By the time of independence in 1947, Hyderabad was India's largest and wealthiest princely state, and the last Nizam of Hyderabad, Osman Ali, was the richest man in the world. When independence was secured, he refused to join either India or Pakistan, insisting on remaining an independent state. His stubborness was short-lived; in September 1948, India mounted Operation Polo, deposed the Nizam and annexed the state into the Indian Union.
My two greatest weaknesses when I am in India are a compulsive need to purchase shiny bangles in a color I don't own already and to eat the local sweets because I can't get them at home. Visiting Hyderabad did not help my cause. At the Nimrah Iranian bakery, I tasted possibly the best butter cookies I have ever eaten. They had been baked in a wood-burning oven, giving them a smoky taste with a slightly salty finish due to the huge amount of butter used. My second favorite cookie at Nimrah featured grated coconut and real silver foil. My third favorite cookie... I even wandered back into the kitchen to witness the resident tea master at work, mixing quadruple-boiled black liquor with hot milk and sugar as orders came rushing in.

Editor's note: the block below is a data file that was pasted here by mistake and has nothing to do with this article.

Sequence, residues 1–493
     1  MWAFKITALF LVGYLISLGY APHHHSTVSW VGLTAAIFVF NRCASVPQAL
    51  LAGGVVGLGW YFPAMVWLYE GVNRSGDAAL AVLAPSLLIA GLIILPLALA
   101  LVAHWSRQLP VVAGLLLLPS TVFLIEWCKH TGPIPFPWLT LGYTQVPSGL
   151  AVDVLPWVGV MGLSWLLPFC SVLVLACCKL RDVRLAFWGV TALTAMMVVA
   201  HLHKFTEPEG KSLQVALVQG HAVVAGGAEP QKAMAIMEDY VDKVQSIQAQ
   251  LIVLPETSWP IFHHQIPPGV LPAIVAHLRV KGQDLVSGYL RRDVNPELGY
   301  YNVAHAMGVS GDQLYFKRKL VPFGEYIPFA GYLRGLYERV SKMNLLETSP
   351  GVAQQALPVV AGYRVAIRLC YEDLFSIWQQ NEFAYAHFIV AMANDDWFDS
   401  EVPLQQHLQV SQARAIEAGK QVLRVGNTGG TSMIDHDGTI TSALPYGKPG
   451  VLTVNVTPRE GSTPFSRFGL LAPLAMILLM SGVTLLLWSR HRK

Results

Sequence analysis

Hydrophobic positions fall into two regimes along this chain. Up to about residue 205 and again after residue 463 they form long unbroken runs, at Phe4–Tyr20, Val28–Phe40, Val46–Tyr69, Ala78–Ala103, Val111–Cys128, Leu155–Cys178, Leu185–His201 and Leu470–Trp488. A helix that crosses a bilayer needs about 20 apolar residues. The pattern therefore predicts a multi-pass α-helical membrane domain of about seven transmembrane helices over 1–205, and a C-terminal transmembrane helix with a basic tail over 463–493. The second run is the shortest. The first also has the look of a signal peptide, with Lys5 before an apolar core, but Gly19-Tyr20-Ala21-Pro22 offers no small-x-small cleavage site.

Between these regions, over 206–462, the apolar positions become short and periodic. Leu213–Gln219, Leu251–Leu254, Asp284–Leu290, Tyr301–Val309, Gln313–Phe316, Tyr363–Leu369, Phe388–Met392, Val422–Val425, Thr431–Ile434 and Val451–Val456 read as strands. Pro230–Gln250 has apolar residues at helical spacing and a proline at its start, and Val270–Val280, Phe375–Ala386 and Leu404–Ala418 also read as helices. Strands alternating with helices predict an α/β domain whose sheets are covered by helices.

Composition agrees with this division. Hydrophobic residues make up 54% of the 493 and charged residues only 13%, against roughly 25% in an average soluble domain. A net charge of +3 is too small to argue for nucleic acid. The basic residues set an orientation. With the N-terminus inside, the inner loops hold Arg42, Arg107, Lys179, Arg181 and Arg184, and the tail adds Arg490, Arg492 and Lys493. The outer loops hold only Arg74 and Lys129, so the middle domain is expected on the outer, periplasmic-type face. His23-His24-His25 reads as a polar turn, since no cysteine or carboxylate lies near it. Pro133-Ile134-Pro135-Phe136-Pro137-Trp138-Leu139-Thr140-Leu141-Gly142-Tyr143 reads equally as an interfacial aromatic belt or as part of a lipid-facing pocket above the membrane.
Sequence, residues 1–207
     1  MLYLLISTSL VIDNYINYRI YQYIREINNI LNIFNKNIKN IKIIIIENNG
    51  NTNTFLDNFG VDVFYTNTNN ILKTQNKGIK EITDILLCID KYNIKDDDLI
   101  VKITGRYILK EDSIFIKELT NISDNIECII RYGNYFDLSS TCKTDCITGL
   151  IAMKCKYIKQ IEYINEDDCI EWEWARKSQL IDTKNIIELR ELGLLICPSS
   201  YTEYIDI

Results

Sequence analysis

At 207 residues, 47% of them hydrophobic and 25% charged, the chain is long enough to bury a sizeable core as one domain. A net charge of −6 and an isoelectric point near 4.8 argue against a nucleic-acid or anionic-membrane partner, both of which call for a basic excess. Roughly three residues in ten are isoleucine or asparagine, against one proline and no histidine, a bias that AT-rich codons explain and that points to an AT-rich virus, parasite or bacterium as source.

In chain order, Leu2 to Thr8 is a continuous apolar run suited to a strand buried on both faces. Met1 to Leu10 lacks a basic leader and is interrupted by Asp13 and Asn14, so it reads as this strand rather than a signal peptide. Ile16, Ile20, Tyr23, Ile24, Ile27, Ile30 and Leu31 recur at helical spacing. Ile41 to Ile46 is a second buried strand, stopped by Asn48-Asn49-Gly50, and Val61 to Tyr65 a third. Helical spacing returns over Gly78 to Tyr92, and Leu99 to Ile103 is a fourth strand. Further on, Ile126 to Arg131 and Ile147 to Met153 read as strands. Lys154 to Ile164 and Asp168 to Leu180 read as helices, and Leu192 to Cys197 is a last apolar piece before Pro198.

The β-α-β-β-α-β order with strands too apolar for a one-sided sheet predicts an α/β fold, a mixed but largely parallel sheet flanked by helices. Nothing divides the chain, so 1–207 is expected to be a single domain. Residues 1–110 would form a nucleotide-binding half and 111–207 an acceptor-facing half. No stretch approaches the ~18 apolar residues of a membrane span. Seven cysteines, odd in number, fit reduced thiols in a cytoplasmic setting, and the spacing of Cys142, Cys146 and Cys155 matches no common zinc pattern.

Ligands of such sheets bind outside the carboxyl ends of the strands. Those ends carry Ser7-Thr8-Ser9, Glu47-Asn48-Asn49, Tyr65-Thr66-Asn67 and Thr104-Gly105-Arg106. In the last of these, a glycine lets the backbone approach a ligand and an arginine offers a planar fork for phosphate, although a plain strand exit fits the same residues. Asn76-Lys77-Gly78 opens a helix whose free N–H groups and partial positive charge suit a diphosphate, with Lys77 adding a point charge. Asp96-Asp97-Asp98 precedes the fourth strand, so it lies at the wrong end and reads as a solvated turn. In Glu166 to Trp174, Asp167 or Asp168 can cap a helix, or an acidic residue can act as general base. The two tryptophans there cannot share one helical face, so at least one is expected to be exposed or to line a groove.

In Lad Bazaar, I watched artisans create Hyderabadi-style bangles. Copper wire is formed into spirals, and then molten lac, a type of resin derived from an insect, is wrapped around the wire. Multi-colored crystals are carefully set into the hot lac to create a huge variety of designs. The final product is sold in the bazaar, as well as exported to high-end retailers in the West. As I have already confessed to you, I own a lot of bangles, and these appear to be the sturdiest ones yet.